Filling in the Gaps

Over the last month I have been slowly developing more of the bouldering potential at Byron Glacier. Last year the pace of developing was frantic and sporadic due to the late discovery of the area and the limited time I had to devote to it. Each day I would explore new boulders and establish a half-dozen problems in the few hours after work and before nightfall; as a result of this pattern, most of the problems that I did were relatively easy (V1-V4) and many of the areas I was developing had a lot of obvious lines that I ignored. This year I have been filling in the holes of the areas and actually devoting time and energy to project harder problems.

On Friday, I spent a long day at work huddled in my windowless office, ignoring the divine weather and holding back a flood of pent up frustration. But at 3:20 I was out the door and driving south. Unfortunately this week I had to return my massive Metolius Colossus pad to REI due to a product defect that caused the rapid and complete deterioration of  the fabric, so I begged and then borrowed another pad from Todd. Strapping the pads together was a little more interesting than usual, but eventually I packaged together a solid cube of foam and started hiking, ignoring the “thrilling” comments from passing tourists.

I  headed to the Ninja Boulders, an area that already had several fantastic problems and warm-ups. I had previously looked at, but ultimately ignored the short, overhung face on one of the boulders, noting that there wasn’t really a line of holds, just a single jug hold about 3 feet away from the lip. It felt like a good day to dyno. I warmed up on established problems, and then did two new lines on the smaller boulder before setting up for the jump. I thought the move would only be about a V3 and for a taller person, it probably is. It felt much harder for me. Even with the jug start, I struggled to generate enough power to grab the good part of the lip above. I spent a lot of extra time brushing moss and searching for hidden footholds to use, but nothing materialized. Eventually I sacked up and made the move off of a low left foot and to snag the top of the problem for the FA of Chuck, The Norris V5.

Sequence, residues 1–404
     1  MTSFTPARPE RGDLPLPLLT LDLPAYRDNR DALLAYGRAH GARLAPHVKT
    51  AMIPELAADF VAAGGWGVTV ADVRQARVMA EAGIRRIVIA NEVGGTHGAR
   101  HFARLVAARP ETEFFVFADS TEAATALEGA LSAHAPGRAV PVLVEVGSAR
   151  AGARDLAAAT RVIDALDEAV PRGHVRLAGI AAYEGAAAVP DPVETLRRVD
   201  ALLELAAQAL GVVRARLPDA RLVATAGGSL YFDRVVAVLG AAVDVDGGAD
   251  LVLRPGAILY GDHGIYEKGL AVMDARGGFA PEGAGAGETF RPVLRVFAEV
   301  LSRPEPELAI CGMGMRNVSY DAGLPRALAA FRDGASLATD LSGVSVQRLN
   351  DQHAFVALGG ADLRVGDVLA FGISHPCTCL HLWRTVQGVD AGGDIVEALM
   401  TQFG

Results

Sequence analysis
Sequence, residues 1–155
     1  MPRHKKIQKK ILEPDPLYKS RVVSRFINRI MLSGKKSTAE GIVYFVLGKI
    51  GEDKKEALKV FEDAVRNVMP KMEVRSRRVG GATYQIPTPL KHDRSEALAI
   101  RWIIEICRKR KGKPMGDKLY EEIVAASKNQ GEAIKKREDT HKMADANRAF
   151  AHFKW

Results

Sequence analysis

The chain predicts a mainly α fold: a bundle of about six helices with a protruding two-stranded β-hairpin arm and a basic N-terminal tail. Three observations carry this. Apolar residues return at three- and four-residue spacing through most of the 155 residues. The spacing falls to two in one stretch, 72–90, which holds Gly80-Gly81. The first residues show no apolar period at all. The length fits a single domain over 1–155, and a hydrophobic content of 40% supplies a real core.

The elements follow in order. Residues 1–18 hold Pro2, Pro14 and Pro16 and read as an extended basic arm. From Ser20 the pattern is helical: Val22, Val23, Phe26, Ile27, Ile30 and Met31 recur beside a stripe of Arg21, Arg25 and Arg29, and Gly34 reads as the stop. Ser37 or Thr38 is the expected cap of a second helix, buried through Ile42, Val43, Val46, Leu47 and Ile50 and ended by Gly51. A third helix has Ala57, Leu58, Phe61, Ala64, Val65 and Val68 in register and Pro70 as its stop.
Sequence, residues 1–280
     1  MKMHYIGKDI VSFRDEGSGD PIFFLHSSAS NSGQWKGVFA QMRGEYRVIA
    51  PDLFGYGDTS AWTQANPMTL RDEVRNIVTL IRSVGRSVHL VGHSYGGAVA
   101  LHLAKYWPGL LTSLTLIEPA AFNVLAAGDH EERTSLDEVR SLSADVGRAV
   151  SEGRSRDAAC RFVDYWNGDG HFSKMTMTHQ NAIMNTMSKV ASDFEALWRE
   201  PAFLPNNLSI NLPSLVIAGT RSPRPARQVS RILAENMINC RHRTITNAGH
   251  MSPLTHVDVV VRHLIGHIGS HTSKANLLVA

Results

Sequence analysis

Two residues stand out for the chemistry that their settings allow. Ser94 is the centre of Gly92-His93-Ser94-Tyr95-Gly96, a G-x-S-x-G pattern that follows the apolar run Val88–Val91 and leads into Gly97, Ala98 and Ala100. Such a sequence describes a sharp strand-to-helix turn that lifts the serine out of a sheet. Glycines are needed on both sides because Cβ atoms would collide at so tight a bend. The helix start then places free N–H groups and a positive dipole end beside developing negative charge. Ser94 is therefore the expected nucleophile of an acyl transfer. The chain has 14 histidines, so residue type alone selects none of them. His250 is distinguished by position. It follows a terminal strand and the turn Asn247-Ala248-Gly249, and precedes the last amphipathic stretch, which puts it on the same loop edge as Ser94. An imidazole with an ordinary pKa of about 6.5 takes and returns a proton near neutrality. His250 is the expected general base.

The mosquitos started to bug me (ha) and unlike Hatchers Pass, the horrible things were more numerous, more vicious, and very persistent. I moved to the Tourist Boulder, another previously established boulder that had recently melted out of the snow field behind it. The cool, catabatic winds coming over the snow kept the mosquitos away and I was able to work on a project of mine from the previous year. The problem starts and ends with a mantle move that is easy to get into, but hard to complete. Despite having crimp features on the face I could not release my right hip from underneath the lip. Again, a taller person could probably reach a better hold and make the problem a fairly easy V4, but not for me. I tried many different variations of hand/ heel combos and the beta that finally worked was an obscure high heel hook with my right foot, moving my body away from the obvious holds on the face, but allowing my left foot to sneak its way up. The Hemantle is rated V6.

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I grabbed my pry bar and moved over to the bulging overhang next to me. Last year I had attempted to grab a crimp on the face only to have it explode and rip the my finger digit to shreds. With a soft pop, the entire flexing rail fell away to reveal an even better hold that showed no signs of breaking. I got excited and allowed myself to think that I could send the project that night… But after a half-hour of tries hanging from the newfound rail with my butt sagging beneath double heel hooks, I still had no idea how I should hit the lip and keep my body off of the rocks below. All of the frustration from the day melted away and so did my energy, the anger was replaced with a sense of calm satisfaction. The power in my fingers faded and so did the light; back in the parking lot I relished the mingled flavors of cold pizza and beer and the soft hum of mosquitos hovering in the night sky.